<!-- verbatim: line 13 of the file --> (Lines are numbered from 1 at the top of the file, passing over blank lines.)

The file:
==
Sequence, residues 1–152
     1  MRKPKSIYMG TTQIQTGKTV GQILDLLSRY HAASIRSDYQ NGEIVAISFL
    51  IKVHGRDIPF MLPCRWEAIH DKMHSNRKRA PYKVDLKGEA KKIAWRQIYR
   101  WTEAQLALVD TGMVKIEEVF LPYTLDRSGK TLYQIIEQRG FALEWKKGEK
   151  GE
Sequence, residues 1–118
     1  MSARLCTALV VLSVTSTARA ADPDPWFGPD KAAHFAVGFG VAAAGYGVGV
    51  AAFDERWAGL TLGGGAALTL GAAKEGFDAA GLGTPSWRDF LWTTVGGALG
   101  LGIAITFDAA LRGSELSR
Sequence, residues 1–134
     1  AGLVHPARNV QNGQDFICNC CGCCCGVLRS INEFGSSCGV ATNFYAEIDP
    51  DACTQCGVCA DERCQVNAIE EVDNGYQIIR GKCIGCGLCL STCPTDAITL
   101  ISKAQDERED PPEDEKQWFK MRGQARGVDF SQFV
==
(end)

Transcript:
   101  ISKAQDERED PPEDEKQWFK MRGQARGVDF SQFV